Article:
(WASHINGTON) -- The Justice Department has unsealed a major indictment charging the leader of the Oath Keepers militia group along with multiple other members with seditious conspiracy related to their alleged coordination in advance of the Jan. 6 attack on the U.S. Capitol.
The three indictments mark the Justice Department's first Jan. 6 use of the seditious conspiracy charge, which accuses Oath Keepers leader Stewart Rhodes and other members of the group of conspiring to "oppose by force the execution of the laws governing the transfer of presidential power" from outgoing President Donald Trump to incoming President Joe Biden.
Rhodes was arrested in Little Elm, Texas, according to the U.S. Attorney for the District of Columbia.
A lawyer representing Rhodes told ABC News that Rhodes was arrested while he was preparing for a virtual appearance Thursday before the House committee investigating the Jan. 6 attack. Attorney Jonathon Moseley said he was on the phone with Rhodes discussing the House investigation when Rhodes received a call from the FBI to come out of his house with his hands up in order to be arrested.
A conviction on the charge of seditious conspiracy carries a maximum sentence of no more than 20 years.
Before today, the Justice Department's case targeting 17 members of the Oath Keepers was already the department's largest and most complex conspiracy case resulting from the Jan. 6 attack. Three other members of the Oath Keepers charged as part of the conspiracy have already pleaded guilty and entered into cooperation deals with the government.
Rhodes, who is not believed to have entered the Capitol but was seen with several of the defendants gathered outside on Capitol grounds both before and after they entered the building, has denied any involvement in urging the group to storm the building and has said he believes it was wrong for the members of the group to do so.
In previous court documents in the conspiracy case against the Oath Keepers, Rhodes was repeatedly referred to as "Person 1" as prosecutors outlined his communications to members in advance of Jan. 6.
Several members of the group are alleged to have stashed heavy weapons at a hotel in Virginia and positioned a so-called "Quick Reaction Force" that would come to Washington in the event of significant violence or if former President Donald Trump invoked the Insurrection Act.
"The charges against Stewart Rhodes send a strong message about the criminal conspiracy he was engaged in," Javed Ali, the former senior counterterrorism director at the National Security Council and a former FBI and DHS official, told ABC News. "While there is no crime of domestic terrorism under U.S. law, the seditious conspiracy charge that Rhodes and others will now face is one of dozens of crimes under the terrorism enhancement statute, which could boost the amount of years he and other defendants face if these cases go to trial and the U.S. government wins."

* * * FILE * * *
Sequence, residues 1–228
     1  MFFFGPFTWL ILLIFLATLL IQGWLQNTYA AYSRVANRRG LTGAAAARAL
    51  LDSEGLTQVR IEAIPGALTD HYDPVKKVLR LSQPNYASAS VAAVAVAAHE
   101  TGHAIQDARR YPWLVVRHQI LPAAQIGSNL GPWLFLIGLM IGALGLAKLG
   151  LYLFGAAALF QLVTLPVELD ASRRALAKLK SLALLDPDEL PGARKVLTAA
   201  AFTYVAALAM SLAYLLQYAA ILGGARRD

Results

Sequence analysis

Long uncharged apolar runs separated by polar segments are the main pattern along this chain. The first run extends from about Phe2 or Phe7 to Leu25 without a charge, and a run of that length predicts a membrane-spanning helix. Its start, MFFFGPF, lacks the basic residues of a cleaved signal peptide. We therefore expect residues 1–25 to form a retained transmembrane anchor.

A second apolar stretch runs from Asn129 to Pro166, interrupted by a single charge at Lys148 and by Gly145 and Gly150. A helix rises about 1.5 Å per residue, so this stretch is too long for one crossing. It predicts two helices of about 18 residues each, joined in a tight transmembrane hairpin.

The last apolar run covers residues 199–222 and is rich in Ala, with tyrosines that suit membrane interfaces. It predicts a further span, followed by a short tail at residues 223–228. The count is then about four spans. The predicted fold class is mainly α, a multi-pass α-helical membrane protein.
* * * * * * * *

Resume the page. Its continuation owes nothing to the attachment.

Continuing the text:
The new charges come a week after Attorney General Merrick Garland delivered remarks to the Justice Department's workforce on the federal investigation into Jan. 6, in which he pledged that all those "criminally responsible" would be held to account, "at any level."
"We build investigations by laying a foundation," Garland said in the remarks. "We resolve more straightforward cases first because they provide the evidentiary foundation for more complex cases. Investigating the more overt crimes generates linkages to less overt ones. Overt actors and the evidence they provide can lead us to others who may also have been involved. And that evidence can serve as the foundation for further investigative leads and techniques."
As alleged in the indictments, the Oath Keepers are a large but loosely organized collection of individuals, some of whom are associated with militias. Though the Oath Keepers will accept anyone as members, they explicitly focus on recruiting current and former military, law enforcement, and first-responder personnel. Members and affiliates of the Oath Keepers were among the individuals and groups who forcibly entered the Capitol on Jan. 6, 2021.
ABC News' Will Steakin contributed to this report.
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